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Party Photos of the Week: Glenn Gould Prize Gala Concert
Published Friday, May. 18, 2012 1:47PM EDT
Last updated Friday, May. 18, 2012 2:15PM EDT
Glenn Gould Prize Gala Concert: Leonard Cohen was in the spotlight as guests feted the ninth laureate of the coveted arts prize
Sam Santos photographs Leonard Cohen
Circling the World with Leonard Cohen
By Murray Charters
Friday, May 18, 2012 9:24:56 EDT PM
Our lives move in circles. The circles get larger; the circles get smaller; the circles collide with others and sometimes the sun comes out and sometimes the moon weeps.
It's finding the centre of your own circle and keeping that balance which leads to those moments of deep understanding from which art is made. Leonard Cohen spoke of it as being "in the centre of your own orbit" in a 1966 interview with Adrienne Clarkson in her previous incarnation as host extraordinaire on CBC-TV's Take 30.
By that time Cohen was already celebrated as a novelist and poet, and was creating the visual art which he would reveal to the world only in 2006 and put on display in a Vancouver gallery last year. In other words, even in his early 30s Cohen was sharing with the world various manifestations of his deep, balanced understanding of the human spirit.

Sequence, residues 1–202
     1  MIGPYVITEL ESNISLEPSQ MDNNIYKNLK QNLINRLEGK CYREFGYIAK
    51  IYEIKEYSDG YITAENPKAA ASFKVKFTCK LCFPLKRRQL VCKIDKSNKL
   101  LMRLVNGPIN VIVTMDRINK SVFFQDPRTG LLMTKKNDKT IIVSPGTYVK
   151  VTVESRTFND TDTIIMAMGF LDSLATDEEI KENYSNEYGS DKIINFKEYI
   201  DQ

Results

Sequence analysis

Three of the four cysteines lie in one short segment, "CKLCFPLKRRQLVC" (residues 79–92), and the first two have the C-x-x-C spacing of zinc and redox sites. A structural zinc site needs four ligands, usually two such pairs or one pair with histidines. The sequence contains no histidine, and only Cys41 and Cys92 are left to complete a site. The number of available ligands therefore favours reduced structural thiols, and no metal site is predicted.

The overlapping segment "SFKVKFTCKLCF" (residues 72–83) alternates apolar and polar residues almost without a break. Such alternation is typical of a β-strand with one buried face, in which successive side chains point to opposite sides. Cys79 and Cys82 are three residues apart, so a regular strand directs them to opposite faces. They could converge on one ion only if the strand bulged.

In other words, Cohen's circle has always been large. A Canadian poet, he doesn't write about Canada, just human beings on planet Earth. As a Jew born in Montreal he uses Christian metaphors to lead us to the places and the peace his Zen Buddhism has revealed.
Revealed is a good description of how Cohen works. He is frequently termed a troubadour, that romantic word from medieval France. But the word means a finder, a poet who wanders the world and finds what the rest of us don't (or won't) see.
No, I take that back. Truly we are all seekers-but sadly we are not all finders. Our imbalance, our off-centred lives prevent us from seeing what Cohen does. Fortunately he is both a finder and a giver, and we are blessed receivers.
By now we all know Cohen was awarded the Glenn Gould Prize for lifetime achievement in the arts earlier this week in Toronto and that he gave the $50,000 prize back to the Canada Council saying he was "profoundly grateful" for the council's support in launching his writing career. What an impressive, humble way to close that circle!
Not as widely known is that he designated Sistema, a program which offers free, intensive music education to children from culturally diverse neighbourhoods in Toronto, to receive the accompanying $15,000 Protégé Prize. Sistema is based on the Venezuelan program which produced conductor Gustavo Dudamel and the incredible Venezuelan Youth Orchestra.
David Visentin, artistic director of Sistema Toronto, got to the heart of Cohen's gift saying, "He is challenging talent to reveal itself in the years to come." There's that sense of finding and revealing again, and Cohen is a giver who shines the light of understanding on all he touches, revealing many layers of meaning particularly through his poetic writings.